A living manifesto for healthier relationships in education. A project in collaboration with Katharina Pietsch and Jessica Koch.
I’m very happy and proud to be part of a new collaborative writing project that’s gone online in December 2019, for which my colleagues Jessica Koch and Katharina Pietsch and I publish essays on education and teaching.
You can visit us at:
A living manifesto for healthier relationships in education
From the title we have chosen, you can see that we have a critical agenda, a programmatic message, and that we see it as continuous, unfinished work. Here’s the project description from the website:
This project emerged from our struggle with institutional power in relationships of learning, in the relationship between us as teachers and our students, and in the relationship between us as students and our teachers. It emerged from our attempts – some failed some successful – to make these relationships healthier.
We love teaching. And we hate it – or at least the parts of it that are damaged by the effects of institutional power. Which is all of it. But not quite all of it, not irrevocably. As university researchers and lecturers in the humanities, with backgrounds in the study of literature, culture, and philosophy, we spend all our waking lives immersed in theory and criticism which helps us to deconstruct the very systems and institutions we are operating in. We believe that most educational procedures, mechanisms, and beliefs as they are being employed and held at the moment are – in a best case scenario – counterproductive to proclaimed didactic and philanthropic goals in education and – in a worst case scenario – harmful to learners and teachers alike.
Unconditional Teaching is a project of healing and a contribution to a growing number of calls for a reform of teaching practices from all disciplines. The aim of our writing is the positive framing and chronicling of alternative practices of teaching and learning: Practices that we hope can mitigate, subvert, and maybe even heal the toxic and damaging effects of institutional power and instead make room for better, more wholesome teaching and learning environments and improved teacher-student relationships.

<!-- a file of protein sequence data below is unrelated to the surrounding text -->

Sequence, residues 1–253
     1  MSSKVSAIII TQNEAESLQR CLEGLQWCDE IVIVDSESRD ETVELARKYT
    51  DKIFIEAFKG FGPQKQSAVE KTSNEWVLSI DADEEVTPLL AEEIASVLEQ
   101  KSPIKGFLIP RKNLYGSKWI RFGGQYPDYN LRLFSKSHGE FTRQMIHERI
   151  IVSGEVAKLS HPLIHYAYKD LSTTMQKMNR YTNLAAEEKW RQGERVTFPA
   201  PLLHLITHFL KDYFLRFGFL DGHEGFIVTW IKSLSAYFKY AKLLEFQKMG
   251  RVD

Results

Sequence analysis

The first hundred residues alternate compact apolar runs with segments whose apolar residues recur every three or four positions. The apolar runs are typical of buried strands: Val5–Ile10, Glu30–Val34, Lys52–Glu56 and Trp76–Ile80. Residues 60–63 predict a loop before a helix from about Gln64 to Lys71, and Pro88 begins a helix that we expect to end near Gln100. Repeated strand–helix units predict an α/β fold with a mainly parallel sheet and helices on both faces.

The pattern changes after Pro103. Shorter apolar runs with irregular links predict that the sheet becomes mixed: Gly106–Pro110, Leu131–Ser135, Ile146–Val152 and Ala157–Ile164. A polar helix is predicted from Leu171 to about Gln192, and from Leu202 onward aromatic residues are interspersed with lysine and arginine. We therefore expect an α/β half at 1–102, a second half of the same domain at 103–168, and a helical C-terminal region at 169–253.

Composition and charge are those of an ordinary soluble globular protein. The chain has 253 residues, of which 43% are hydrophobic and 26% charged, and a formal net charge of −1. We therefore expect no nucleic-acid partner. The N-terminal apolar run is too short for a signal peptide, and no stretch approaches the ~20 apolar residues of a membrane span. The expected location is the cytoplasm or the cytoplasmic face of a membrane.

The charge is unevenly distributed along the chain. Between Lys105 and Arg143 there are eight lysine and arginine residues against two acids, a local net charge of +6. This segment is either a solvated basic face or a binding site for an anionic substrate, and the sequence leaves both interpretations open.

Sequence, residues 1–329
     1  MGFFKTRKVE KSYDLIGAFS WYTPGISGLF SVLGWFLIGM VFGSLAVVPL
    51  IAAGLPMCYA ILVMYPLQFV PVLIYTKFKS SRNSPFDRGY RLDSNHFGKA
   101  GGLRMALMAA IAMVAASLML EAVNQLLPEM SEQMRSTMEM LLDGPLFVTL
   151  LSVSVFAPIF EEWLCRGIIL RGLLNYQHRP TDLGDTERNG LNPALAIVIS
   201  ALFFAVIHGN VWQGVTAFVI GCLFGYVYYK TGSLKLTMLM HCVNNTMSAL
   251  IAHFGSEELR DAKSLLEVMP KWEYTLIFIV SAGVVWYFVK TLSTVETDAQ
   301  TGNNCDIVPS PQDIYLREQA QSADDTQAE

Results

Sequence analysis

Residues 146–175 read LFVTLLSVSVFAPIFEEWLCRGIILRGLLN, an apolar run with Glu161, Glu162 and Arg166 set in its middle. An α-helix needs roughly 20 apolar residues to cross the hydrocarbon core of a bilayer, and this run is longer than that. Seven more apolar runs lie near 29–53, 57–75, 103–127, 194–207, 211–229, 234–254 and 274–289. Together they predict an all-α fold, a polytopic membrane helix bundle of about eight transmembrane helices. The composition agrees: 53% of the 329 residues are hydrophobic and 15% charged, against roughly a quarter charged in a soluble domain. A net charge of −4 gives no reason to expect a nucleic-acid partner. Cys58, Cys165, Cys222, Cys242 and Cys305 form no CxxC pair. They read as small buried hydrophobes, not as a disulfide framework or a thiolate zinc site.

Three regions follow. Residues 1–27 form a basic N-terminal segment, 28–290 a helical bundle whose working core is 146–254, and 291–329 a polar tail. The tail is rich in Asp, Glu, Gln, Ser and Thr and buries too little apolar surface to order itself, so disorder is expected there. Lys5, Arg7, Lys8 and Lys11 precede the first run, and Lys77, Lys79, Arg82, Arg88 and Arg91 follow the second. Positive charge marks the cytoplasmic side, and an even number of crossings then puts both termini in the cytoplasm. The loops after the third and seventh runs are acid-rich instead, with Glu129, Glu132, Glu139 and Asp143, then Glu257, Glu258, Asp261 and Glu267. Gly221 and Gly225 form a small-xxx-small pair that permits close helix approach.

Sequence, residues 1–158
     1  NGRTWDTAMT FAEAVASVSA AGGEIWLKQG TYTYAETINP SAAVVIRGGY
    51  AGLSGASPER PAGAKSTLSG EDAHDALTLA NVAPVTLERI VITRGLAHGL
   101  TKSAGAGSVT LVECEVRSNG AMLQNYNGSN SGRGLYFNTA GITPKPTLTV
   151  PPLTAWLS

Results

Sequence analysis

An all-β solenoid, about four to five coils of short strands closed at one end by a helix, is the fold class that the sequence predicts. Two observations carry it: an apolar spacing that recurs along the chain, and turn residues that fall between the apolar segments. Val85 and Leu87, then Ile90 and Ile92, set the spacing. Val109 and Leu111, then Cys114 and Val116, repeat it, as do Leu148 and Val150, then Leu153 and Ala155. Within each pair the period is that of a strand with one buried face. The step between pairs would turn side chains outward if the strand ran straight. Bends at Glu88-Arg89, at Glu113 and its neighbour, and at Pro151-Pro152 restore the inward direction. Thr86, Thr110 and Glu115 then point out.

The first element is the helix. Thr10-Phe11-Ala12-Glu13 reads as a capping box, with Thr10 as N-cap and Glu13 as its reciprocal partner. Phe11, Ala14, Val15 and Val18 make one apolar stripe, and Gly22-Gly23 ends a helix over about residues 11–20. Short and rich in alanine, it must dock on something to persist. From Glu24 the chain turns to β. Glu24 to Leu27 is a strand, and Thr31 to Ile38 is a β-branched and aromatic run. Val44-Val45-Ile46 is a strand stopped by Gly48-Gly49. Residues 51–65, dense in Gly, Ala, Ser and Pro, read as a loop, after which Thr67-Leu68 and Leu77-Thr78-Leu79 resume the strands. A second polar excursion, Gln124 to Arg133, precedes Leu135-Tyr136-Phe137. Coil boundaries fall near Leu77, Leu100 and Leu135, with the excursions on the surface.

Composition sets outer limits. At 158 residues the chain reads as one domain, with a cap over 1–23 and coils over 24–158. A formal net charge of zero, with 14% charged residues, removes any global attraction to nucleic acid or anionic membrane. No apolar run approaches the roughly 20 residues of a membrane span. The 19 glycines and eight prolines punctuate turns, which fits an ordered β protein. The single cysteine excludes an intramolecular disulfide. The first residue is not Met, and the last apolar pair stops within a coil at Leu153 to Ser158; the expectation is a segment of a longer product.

We already have a number of essays online in which we elaborate on our understanding of ‘unconditionality’ as a mindset in teaching, and on teaching practices that follow from this mindset. I’ve also cross-published a couple of my existing essays from this site at the new project. More content is in the pipeline and will be published over the course of the coming months.
I’m really excited about this project, because in a sense it’s what my Essays on teaching here on this personal website have been leading up to. What I was missing was a more programmatic umbrella to bring my ideas together conceptually. Unconditional Teaching provides me with that umbrella, while still being open to a certain essayistic eclecticism.
The project would never have happened without the collaboration between beloved colleagues who think in similar ways – nor without the support and feedback of our students, who have made it very clear to us that what we do in our teaching practice and what we have to say about education is meaningful to them!